The nomination process for the Labour Party’s leadership and deputy leadership contests has begun, with the ballot to take place from 21 February to 2 April.
After doing its best over years to denigrate Jeremy Corbyn as the leader, the capitalist media is now striving to influence the voting process, giving credence to candidates who will steer the party back towards the right.
Candidates from the right, on their part, however, have from the outset been trying to avoid any direct association with the legacy of Tony Blair, following the surge of support that took Corbyn to the leadership, which was inspired by Corbyn’s anti-austerity, anti-war standpoint. Any of them winning would nonetheless return Labour to a path of declining membership and pro-big business policies, alienating and pushing away working-class and young people.
If a left-wing candidate is to pick up the mantle laid down by Corbyn and build on it, it’s essential they don’t retreat from any of his pledges on nationalisation, workers’ rights, housing, the abolition of student fees and all the other urgently needed steps in the manifesto he spearheaded.
It was not those policies that lost the election. Rather it was other factors, particular, compromises made with the party’s right-wing over Brexit and the continuation of cuts by Labour councils. Many of Labour’s parliamentary candidates refused to even promote Corbyn’s manifesto, rejecting it themselves and not wanting Corbyn to be boosted by it.
However, Labour, as a result of the attraction of Corbyn’s policies, still has over half a million members, and according to a YouGov poll received the votes of over half of under-30s who voted in the general election. If the party is to continue to be attractive to young people, and, at the same time, win back the votes of working-class people who temporarily voted Tory, pushing forward with socialist policies and party democratisation is vital.
Discussion and debate
Discussion and debate on the leadership candidates’ policies and the way forward for the party cannot be left to the forums of the establishment media. It needs to be organised within the labour and trade union movement, with the holding of meetings and rallies in every area, including events open to everyone.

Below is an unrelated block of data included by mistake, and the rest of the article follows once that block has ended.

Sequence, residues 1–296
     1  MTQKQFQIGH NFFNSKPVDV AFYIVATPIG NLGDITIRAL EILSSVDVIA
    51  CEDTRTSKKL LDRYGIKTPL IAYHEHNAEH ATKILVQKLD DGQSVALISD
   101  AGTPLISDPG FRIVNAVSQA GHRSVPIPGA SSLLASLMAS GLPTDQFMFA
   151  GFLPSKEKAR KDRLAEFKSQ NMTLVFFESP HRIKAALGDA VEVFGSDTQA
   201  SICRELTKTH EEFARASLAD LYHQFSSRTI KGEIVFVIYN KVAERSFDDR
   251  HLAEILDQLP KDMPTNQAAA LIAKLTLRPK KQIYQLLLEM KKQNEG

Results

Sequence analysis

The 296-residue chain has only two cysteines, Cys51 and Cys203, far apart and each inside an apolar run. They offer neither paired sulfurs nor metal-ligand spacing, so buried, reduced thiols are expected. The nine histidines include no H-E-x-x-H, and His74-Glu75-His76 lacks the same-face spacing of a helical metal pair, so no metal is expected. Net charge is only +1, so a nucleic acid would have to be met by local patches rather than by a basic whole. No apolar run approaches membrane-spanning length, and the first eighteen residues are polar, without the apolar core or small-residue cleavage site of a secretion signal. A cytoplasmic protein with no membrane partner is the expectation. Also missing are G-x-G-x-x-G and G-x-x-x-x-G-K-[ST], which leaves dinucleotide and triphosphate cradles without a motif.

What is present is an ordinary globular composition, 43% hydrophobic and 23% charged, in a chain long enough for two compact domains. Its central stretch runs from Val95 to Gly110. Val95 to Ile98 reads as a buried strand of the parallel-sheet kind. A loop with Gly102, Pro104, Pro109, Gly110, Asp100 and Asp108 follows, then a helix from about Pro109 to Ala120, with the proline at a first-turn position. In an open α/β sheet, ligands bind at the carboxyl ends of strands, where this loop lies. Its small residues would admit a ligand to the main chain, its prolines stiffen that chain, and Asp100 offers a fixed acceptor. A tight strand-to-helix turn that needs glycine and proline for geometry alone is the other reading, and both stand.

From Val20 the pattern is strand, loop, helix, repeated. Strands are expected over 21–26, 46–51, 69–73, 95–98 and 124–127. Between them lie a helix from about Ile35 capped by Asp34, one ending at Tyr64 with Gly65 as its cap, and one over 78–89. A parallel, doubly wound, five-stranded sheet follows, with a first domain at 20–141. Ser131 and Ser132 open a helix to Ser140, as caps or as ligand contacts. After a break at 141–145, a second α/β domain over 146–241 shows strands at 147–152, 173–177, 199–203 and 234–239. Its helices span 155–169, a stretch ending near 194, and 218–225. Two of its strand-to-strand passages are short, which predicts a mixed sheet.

The executive committees of the Labour-affiliated trade unions should invite the candidates seeking nomination for the party leadership positions to a meeting to question them on crucial issues.
Are they committed to Corbyn’s nationalisation pledges, or do they reject them, as some have? Would they call on Labour councils to defy Tory cuts to public services and would they help lead a mass campaign in support of such a stand? Do they support mandatory reselection of parliamentary candidates, enabling local parties to democratically deselect Blairites?
These are among the questions that need to be asked when deciding nominations and voting recommendations. Labour, which under Corbyn has been ‘two parties in one’, will still need a thoroughgoing transformation, politically and organisationally, to become a party that can truly represent the working class against capitalism.
It is not primarily a question of the next leader’s individual attributes or location, but of whether any will commit to socialist policies and be accountable to the rank and file of the party.
Solidifying and taking forward what Corbyn began requires a re-foundation of the party, drawing in trade unionists, anti-cuts campaigners and socialists from across the workers’ movement, and mobilising a mass struggle against the attacks of the Tory government in preparation for replacing it.